Social Media and Your Job Search

A while back, I was a pretty hesitant to expand my online social network beyond Facebook. I found Linked In to be too complex and could not wrap my head around twitter. And I started to run out of passwords that I could easily remember.

But, after much ridicule from a dear friend, I did open a twitter account – and have not looked back since. I have found so many intelligent and interesting people that I follow. It’s basically my newsfeed to the world.

So now here I am, on Facebook, twitter and writing this blog – and unemployed. I started wondering how I could use my social media tools to help in my job search. A quick search and I found that Mashable.com (Dan Schawbel, who I follow on twitter) has already covered the topic.

His article is very in-depth and he makes some great points. Take a read if here: http://mashable.com/2009/01/05/job-search-secrets/ . I mostly agree with his points, but of course, had some comments to add.

Video Resumes: This seems to be an emerging, if not already well-established trend. I, myself, am not quite ready to post my pitch on YouTube for the entire world to see. You walk a fine line with video resumes. If your production quality or editing is terrible, it really brings down your overall value and impression. If you stutter or are in any way physically awkward, well, that stays with people.

Google Alerts: I didn’t see this in Dan’s blog. I have gone in and set up alerts for any news or updates from Google on “Vancouver Advertising Agency” and “Women in Business”. This is also a great way to stay on top of your local markets and trends.  http://www.google.com/alerts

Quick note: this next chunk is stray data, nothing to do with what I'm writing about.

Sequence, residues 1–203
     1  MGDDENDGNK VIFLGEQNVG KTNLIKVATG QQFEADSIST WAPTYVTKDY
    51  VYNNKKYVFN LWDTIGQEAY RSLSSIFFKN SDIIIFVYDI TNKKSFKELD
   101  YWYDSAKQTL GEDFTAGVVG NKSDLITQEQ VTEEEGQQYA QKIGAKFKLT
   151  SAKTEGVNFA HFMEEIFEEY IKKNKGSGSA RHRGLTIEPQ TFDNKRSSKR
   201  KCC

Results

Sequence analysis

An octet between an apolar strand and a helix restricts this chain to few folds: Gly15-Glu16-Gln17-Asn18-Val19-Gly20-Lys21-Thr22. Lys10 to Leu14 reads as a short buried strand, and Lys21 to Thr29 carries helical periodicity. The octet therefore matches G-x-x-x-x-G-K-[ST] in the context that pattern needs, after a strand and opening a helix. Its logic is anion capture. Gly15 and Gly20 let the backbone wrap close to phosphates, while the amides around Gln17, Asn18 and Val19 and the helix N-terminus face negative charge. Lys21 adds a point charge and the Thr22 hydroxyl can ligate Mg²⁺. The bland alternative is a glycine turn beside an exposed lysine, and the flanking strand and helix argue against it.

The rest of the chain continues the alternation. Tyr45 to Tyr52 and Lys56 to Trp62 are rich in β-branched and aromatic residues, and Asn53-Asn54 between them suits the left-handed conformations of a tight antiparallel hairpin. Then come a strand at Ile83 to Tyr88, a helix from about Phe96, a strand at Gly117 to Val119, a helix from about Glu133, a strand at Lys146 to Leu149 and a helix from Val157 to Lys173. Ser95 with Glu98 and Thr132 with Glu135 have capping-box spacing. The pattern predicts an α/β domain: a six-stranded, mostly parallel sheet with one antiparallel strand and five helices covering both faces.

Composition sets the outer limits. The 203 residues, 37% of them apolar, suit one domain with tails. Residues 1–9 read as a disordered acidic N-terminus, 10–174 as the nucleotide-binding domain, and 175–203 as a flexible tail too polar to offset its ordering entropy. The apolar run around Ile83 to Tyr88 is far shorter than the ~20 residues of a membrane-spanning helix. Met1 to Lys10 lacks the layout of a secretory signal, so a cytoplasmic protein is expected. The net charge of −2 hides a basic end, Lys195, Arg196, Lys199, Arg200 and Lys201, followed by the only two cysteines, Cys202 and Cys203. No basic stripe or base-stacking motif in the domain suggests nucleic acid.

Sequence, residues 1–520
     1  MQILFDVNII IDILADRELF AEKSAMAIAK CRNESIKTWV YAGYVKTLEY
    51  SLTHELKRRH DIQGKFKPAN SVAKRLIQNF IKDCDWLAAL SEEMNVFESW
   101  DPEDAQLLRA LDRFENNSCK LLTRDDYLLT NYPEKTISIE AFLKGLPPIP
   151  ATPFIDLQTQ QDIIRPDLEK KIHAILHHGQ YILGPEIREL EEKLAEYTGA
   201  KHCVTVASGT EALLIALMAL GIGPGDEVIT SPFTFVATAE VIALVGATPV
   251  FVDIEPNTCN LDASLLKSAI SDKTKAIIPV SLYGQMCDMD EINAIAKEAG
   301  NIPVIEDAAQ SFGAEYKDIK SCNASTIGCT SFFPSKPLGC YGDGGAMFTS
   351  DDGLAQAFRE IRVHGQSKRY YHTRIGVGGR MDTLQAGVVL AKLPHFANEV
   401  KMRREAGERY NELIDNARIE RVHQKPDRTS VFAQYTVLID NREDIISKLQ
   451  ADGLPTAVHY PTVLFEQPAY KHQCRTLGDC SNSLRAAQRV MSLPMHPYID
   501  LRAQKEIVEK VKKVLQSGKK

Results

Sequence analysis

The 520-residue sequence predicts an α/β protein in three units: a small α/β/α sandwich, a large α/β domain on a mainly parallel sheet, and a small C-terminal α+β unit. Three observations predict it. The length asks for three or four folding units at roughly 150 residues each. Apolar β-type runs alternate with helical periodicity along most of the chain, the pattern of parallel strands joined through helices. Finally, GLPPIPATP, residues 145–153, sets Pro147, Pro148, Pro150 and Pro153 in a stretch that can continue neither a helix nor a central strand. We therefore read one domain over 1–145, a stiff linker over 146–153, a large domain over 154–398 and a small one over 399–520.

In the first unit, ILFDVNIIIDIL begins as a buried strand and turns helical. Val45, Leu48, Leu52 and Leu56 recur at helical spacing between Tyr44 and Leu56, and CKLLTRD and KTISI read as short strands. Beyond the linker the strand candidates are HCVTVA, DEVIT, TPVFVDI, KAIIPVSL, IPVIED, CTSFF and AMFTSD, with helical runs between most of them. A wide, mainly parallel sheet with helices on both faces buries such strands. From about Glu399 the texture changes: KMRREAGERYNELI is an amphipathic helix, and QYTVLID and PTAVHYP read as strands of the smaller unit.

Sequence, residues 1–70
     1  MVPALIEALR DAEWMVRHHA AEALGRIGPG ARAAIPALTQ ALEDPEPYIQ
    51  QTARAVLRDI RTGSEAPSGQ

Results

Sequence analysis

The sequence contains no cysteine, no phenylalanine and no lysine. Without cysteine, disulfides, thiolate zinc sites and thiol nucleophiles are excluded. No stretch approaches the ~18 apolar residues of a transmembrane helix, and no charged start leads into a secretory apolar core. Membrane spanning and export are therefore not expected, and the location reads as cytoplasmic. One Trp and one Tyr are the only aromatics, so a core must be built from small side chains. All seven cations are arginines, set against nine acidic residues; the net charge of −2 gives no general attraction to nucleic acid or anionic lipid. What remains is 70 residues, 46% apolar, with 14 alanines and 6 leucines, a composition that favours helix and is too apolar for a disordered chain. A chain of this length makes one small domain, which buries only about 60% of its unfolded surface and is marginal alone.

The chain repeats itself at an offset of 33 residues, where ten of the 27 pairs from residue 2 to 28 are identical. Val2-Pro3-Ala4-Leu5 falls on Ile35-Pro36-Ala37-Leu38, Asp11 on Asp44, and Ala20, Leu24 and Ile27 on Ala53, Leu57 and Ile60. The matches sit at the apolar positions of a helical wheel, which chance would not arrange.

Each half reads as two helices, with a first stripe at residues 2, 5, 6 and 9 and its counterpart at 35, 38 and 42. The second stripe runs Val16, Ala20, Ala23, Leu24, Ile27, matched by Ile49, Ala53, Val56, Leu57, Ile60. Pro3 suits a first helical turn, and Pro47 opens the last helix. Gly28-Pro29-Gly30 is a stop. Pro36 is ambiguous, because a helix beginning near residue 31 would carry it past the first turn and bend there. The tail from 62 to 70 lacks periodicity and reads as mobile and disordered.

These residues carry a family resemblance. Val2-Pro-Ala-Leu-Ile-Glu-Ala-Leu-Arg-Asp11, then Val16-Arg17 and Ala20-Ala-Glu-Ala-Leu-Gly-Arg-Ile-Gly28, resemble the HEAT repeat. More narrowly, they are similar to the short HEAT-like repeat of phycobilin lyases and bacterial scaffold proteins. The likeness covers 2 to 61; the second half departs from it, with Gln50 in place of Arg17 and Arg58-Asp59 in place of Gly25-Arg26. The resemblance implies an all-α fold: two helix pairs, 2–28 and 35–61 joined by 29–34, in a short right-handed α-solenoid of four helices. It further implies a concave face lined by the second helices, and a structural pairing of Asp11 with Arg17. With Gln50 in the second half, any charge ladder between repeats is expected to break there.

Twitter: I totally agree that you SHOULD seek out and follow (but not stalk) the folks from the companies of which you would like to work for, but don’t forget to also follow local recruitment agencies. In Vancouver, Smart & Savvy: @smartsavvy

Facebook: I noticed Facebook is much less of a professional tool. It weighs more on the social side. I personally do not use it for business connections. Someone could tag you in an unflattering photo, or post something really offensive on your wall (unintentionally, of course). Then, once again, your image could be somewhat tarnished in the eyes of your potential employer.

Face-to-Face: I’ve been a volunteer with the National Advertising Benevolent Society since 2004-ish. And I have just joined Vancouver Internet Marketers which looks really promising. If nothing else, it will keep my mind active and get me out of the house.

Now, all of these tips and tricks are great. But nothing replaces good, old-fashioned “social networking”. In the past ten years, I only scored one job by applying online and holding my breath for an interview. The rest were all through friends of friends – or business acquaintances. Get out there. Attend events. Find speaker series. Go for after-work beers with your employed friends. That’s where I’m headed.

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